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By Karen

Updated September 26, 2023.

Angel Island 
San Francisco Bay

A local's tips for visiting Angel Island

Angel Island is one of those wonderful San Francisco Bay "attractions" that every one knows about (it's a big island, right there in the middle of the bay) but surprisingly few people get around to visiting it.

I was guilty of that, too. When I finally got out to the island, I was amazed at how lovely it was! Don't miss it, if you've got the time.

View of Angel Island from the ferryView of Angel Island from the Ferry

What's Out There on the Island?

Angel Island has been a state park since 1962, with miles of hiking trails and abandoned buildings scattered here and there, left over from military uses starting during the Civil War and continuing through World War 2.

It also housed the Ellis Island of the West, the United States Immigration Station for would-be immigrants arriving across the Pacific Ocean, now a museum.

Angel Island Bench ViewView from the Island

Angel Island Attractions: Things to Do

The island's main attraction is its incredible beauty and tranquility. So close to San Francisco, but so peaceful and relaxing. And easy to get to.

There's a lot to do on Angel Island; in fact, it can't all be "done" in one day. Fortunately, you can have a great time without seeing and doing it all.

There are activities tailored for everyone's level of fitness and time restraints.

Things to do on Angel Island:

  • Hiking
  • Riding bikes (rentals available)
  • Tram Tour of the Island
  • Immigration Museum
  • Civil War buildings
  • Camping
  • Views of the Bay and Golden Gate Bridge

In the past, there was a Segway Tour as well; hopefully that will return.

When is Angel Island Open?

The Island 

The island itself is open to the public whenever the ferries to the island are running, sunrise to sunset.

The Golden Gate Ferry (from SF Ferry Building) runs daily year round and the Angel Island Ferry (from Tiburon only) currently has a rather limited schedule.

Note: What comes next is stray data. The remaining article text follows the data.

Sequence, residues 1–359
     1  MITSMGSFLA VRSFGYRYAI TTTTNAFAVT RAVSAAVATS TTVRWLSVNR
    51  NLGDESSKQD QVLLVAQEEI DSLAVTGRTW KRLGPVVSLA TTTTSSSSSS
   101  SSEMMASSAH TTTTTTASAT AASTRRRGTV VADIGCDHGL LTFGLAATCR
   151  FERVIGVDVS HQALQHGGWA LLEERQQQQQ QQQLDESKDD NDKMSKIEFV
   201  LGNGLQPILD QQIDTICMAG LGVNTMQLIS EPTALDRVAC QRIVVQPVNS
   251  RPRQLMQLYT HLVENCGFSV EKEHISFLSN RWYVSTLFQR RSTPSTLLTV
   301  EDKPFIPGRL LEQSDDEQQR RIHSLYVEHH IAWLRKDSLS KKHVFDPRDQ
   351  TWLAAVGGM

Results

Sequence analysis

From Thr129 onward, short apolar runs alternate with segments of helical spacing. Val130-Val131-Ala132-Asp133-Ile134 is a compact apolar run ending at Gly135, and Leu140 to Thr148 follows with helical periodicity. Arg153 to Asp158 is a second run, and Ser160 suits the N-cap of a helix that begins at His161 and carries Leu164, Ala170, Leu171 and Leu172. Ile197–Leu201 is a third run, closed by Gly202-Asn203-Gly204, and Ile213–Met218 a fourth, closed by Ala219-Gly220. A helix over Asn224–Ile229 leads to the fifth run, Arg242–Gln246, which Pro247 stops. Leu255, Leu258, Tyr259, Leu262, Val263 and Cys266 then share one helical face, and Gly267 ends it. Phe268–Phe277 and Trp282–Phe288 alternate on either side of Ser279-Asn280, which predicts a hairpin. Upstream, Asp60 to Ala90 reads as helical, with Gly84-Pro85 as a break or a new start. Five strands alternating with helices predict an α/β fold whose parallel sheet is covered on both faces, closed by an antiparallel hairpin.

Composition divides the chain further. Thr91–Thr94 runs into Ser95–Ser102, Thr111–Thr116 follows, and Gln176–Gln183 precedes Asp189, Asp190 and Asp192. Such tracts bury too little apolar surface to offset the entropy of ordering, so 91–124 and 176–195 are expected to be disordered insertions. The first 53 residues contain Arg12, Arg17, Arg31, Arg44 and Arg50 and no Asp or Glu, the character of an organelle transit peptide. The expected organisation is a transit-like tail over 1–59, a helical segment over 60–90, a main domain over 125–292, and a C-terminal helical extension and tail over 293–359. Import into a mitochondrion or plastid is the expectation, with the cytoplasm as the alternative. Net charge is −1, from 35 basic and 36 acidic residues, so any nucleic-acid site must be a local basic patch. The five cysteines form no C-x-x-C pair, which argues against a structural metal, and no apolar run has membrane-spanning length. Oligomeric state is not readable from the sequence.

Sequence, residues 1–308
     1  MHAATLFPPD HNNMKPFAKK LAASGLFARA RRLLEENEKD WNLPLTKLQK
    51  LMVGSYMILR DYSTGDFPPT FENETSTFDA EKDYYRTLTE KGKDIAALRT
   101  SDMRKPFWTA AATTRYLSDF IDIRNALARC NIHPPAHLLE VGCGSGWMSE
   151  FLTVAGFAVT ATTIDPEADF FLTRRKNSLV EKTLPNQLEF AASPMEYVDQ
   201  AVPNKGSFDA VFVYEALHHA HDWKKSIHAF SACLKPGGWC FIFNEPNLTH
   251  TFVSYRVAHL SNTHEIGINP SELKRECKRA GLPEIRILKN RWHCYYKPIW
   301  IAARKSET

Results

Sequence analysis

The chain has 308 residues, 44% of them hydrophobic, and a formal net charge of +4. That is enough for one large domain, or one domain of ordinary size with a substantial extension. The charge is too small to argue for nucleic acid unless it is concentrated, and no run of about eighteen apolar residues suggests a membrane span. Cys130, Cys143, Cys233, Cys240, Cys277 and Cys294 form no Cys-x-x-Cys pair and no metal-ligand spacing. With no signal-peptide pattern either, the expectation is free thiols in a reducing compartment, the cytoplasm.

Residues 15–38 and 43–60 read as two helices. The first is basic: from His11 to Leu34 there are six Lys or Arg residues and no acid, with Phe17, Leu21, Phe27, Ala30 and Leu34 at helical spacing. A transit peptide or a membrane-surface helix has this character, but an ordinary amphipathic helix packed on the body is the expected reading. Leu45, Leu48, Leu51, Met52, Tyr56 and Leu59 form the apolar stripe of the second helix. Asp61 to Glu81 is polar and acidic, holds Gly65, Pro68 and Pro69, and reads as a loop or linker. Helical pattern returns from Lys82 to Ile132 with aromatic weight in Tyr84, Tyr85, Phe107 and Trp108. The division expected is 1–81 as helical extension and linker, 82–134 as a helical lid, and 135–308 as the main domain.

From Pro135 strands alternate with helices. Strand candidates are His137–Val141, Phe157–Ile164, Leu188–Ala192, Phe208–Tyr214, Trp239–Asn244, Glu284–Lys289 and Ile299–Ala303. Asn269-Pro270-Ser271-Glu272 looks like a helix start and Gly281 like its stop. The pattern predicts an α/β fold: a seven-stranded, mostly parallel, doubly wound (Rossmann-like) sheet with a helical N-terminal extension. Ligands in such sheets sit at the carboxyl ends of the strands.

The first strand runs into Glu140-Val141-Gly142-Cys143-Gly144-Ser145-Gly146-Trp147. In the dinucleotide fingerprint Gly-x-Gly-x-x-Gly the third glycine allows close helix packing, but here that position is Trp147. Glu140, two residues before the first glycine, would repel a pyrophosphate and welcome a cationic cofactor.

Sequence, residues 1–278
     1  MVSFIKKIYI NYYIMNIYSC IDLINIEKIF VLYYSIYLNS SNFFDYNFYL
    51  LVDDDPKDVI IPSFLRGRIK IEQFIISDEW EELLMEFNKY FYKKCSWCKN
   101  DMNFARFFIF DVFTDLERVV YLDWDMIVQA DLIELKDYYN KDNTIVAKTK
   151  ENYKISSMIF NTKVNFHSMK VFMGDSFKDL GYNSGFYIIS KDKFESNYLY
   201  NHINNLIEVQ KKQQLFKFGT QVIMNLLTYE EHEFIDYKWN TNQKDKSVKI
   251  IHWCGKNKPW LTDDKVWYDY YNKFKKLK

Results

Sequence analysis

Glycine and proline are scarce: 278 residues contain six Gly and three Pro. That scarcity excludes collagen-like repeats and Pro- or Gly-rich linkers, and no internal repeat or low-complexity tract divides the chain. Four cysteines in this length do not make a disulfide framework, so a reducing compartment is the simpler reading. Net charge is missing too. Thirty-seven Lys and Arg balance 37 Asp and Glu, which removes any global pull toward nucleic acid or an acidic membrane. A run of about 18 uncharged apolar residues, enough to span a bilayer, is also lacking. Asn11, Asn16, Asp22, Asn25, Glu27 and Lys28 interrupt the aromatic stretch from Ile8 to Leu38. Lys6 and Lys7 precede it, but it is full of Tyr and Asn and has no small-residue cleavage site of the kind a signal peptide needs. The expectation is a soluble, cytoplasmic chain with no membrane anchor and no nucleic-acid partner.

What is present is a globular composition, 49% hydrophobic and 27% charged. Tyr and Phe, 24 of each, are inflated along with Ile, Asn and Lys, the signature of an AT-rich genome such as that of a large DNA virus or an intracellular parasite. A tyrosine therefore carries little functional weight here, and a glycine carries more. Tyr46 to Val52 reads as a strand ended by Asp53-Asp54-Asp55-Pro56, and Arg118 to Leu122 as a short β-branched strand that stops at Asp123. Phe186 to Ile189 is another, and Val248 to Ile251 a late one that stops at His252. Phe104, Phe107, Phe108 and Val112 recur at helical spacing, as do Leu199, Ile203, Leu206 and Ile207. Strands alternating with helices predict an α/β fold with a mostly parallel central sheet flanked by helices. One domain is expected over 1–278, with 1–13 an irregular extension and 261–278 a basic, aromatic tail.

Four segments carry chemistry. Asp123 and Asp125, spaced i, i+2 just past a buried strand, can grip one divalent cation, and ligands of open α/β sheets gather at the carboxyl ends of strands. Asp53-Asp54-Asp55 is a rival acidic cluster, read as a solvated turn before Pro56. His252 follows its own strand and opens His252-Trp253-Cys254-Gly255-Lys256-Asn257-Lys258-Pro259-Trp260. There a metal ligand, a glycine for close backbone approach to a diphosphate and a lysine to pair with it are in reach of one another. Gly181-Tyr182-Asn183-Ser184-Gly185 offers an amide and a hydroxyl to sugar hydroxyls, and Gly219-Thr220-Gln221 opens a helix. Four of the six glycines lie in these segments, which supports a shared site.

See ferries below for more info.

Services on the Island

The services provided by the Angel Island Company vary with the season.

Services include:

  • The Tram Tour, 
  • Immigration Museum, 
  • bike rentals
  • The Cafe.

September & October 2023 services schedule:

Open Wednesday - Sunday, 10 am - 3 pm

Closed Monday & Tuesday

Hours for the various activities vary somewhat seasonally; see Angel Island hours to check current hours.

Best time to visit Angel Island? September and October are some of the best months to go, weather-wise: warm, sunny and clear.

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The Angel Island Tours

There is one tour available on the island now:

  • The Tram Tour

The Tram Tour

This is the main "Angel Island Tour". If this is your first time out here, I would highly recommend taking it.

An open air tram leaves from the dock area twice a day (usually 11 am and 1 pm), and takes you all the way around the island.

There is a recorded narration which gives you the history of the island and explains the sights you are passing, and the driver adds more information at various brief stops along the way.

Angel Island Tram TourTram Tour

The tours schedule depends on the season. Most of the year, they run Thursday through Sunday. In February, March and November,  they run Saturday and Sunday only. And in December and January, they are closed.

Hours. There are two tours a day, at 11:45 am and 1:45 pm.

Tickets. The tour costs $18 for adults, $17 for seniors (65 and over) and $12 for children (5-12 yrs), under 5 free, and lasts one hour.